Following the unveiling of the eighth-generation Volkswagen Golf last year, and with Seat and Skoda also showcasing their platform-sharing siblings, it’s now time for the most premium of the VW Group hatchback lot to grab the limelight – the new Audi A3.
Revealed earlier this month, the fourth generation of Audi’s UK best-seller aims to continue on where the excellent outgoing model left off. That means it gets a thorough interior rejig, a classy, if subdued, styling change as well as new powertrains – including mild-hybrid technology for the first time on the A3.
Audi is promising the model is sportier than ever before too, so can this new A3 prove to be even better than its predecessors, as well as compete against the excellent BMW 1 Series and Mercedes-Benz A-Class? It’s time to find out…
While Audi will expand the line-up significantly over time – including new mild- and plug-in hybrid models – the choice at launch is relatively limited.
If you’re wanting a petrol, the only option is a 148bhp 1.5-litre unit, which is mated to a six-speed manual transmission. But here we’re testing a 2.0-litre diesel engine. It too produces 148bhp, but increases the torque figure to 360Nm. For the time being, this diesel unit is only being offered with a seven-speed S tronic automatic transmission.
It delivers a good mix of performance and efficiency, with 0-60mph taking 8.2 seconds, along with a claimed top speed of 139mph. As for running costs, this A3 will return up to 62.8mpg, along with CO2 emissions of 119g/km.
Ride and handling
Audi is making a big deal about this being the sportiest A3 from behind the wheel, and it certainly feels more dynamic than its predecessor. The steering is sharp and direct, while there is minimal body roll, with the car feeling planted to the road. Top-spec S line versions also come with a sportier suspension setup.
But despite this, the A3 is a car that feels at its best on a relaxed cruise, rather than being thrashed down a B-road, with the hatchback’s refinement and comfort shining through. Our only real gripe with the car behind the wheel is with the automatic gearbox, which can be dim-witted and slow to respond. It’s a problem that affects most diesel Audis, and while not as bad as in other models, we expect better from a premium car.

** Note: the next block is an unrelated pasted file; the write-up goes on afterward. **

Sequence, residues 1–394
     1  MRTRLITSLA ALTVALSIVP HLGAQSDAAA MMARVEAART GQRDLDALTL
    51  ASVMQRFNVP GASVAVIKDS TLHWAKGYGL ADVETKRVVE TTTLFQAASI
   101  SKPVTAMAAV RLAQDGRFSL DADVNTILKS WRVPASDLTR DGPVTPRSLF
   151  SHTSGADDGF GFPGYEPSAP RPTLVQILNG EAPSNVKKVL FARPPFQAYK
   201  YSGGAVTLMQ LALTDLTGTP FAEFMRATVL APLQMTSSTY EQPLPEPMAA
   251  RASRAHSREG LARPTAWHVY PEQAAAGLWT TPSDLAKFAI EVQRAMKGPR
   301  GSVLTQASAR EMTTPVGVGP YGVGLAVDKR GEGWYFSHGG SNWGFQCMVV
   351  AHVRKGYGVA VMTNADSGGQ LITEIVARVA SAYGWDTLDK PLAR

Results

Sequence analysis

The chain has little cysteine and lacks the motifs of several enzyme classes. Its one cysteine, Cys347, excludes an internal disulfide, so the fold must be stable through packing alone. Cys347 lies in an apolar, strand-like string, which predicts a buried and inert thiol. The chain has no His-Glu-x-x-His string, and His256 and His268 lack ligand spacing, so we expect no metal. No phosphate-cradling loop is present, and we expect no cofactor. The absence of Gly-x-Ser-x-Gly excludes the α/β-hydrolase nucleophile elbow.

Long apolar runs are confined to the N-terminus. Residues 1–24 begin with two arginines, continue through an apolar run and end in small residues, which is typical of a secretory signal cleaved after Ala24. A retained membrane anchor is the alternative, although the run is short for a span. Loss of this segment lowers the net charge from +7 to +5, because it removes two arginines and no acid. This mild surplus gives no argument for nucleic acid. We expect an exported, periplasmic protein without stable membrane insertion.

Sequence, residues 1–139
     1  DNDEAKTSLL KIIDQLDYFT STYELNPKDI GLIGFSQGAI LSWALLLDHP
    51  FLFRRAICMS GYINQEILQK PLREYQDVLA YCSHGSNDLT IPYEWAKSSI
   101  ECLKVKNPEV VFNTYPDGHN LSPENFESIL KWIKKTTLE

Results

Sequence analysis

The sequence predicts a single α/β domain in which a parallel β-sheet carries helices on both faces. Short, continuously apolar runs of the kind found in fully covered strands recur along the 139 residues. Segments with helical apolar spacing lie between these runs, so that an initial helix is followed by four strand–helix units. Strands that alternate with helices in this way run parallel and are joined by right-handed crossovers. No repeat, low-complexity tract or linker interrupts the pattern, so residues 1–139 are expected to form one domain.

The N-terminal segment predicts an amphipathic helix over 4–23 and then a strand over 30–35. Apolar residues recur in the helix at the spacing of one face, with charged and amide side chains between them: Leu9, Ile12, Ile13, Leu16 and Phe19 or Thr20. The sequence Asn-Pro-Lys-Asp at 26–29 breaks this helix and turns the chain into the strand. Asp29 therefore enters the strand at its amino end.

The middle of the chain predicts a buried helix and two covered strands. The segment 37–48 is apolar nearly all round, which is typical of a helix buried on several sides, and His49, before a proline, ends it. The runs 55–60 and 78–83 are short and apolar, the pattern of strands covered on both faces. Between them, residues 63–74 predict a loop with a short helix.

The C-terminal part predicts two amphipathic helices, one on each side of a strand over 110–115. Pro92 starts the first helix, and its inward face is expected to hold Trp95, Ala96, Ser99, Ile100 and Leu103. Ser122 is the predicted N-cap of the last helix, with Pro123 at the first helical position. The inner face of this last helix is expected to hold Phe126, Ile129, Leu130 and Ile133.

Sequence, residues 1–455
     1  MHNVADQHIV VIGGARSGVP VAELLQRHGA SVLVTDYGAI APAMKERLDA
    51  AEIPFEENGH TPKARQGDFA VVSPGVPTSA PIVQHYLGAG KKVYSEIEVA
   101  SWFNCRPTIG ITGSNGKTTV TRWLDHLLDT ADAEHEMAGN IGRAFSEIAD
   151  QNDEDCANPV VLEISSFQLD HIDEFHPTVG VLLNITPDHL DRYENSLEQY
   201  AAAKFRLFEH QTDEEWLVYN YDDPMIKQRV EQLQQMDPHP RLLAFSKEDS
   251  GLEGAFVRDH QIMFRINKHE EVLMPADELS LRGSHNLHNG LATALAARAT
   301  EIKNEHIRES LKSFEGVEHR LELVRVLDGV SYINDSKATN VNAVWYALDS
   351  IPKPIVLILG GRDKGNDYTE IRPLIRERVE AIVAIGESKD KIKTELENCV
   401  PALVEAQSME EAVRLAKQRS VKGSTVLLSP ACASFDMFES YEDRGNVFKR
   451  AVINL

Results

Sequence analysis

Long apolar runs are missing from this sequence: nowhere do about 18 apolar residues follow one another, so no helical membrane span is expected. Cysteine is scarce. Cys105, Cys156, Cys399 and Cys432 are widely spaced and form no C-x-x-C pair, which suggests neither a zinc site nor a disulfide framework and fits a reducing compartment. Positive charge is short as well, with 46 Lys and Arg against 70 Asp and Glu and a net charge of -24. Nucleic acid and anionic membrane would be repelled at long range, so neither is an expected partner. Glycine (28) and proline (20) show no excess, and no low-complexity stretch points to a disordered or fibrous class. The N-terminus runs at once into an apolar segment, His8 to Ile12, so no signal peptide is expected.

Interior and equipment
Aside from the badge on the front, it was often the A3’s higher-quality interior that was the reason why buyers chose the Audi over the Volkswagen Golf. That remains true here, with this car having a more upmarket feel than the Golf and a much classier layout.
Gone is the last A3’s pop-up media screen, and in place is a new 10.1-inch touchscreen, along with digital dials – both of which feature as standard. This helps to give it a much more modern feel, though it lacks the wow factor of the Mercedes A-Class’s cabin. On the plus side, Audi has kept some physical buttons in the cabin – unlike the Golf – which makes it more intuitive and easier to use.
There are three trims on offer from launch with the A3 – Technik, Sport and S line.
Standard equipment is generous, and includes LED headlights, the aforementioned digital dials and touchscreen, cruise control and rear parking sensors.
The Sport brings 17-inch alloy wheels, dual-zone climate control, configurable drive modes and part-leather seats, while the top-spec S line looks the part with its sportier bodykit, 18-inch alloy wheels and privacy glass. It also brings upgraded LED headlights, sports suspension and LED interior lighting.
Unsurprisingly all this technology and high-quality feel comes at a price, as the A3 is one of the most expensive premium hatchbacks on sale. The range currently starts from £24,900, though this will drop when a smaller 1.0-litre petrol engine joins the range later this year. It does a good job of justifying this price tag, though, with its generous kit list.
Our high-spec diesel S line model is a pricier affair, though, and costs £31,650. Put that next to a similarly equipped and powerful BMW 1 Series and you could save yourself £640 with that car, or £710 with the Mercedes A-Class. When those figures are digested into monthly payments, though, it’s unlikely to make any major difference.
Audi might not have thrown out the rule book with this new A3, but with a loyal customer base and such solid foundations, it didn’t really need to. That said, big improvements have been made to the on-board technology, while it’s better to drive than ever and when new engines and powertrains join the range, it’ll offer plenty of choice to buyers.
Both the BMW 1 Series and Mercedes A-Class might be better in certain areas – the BMW being more fun to drive and the Mercedes having more tech in the cabin – but neither feels like as good an all-rounder as this new Audi.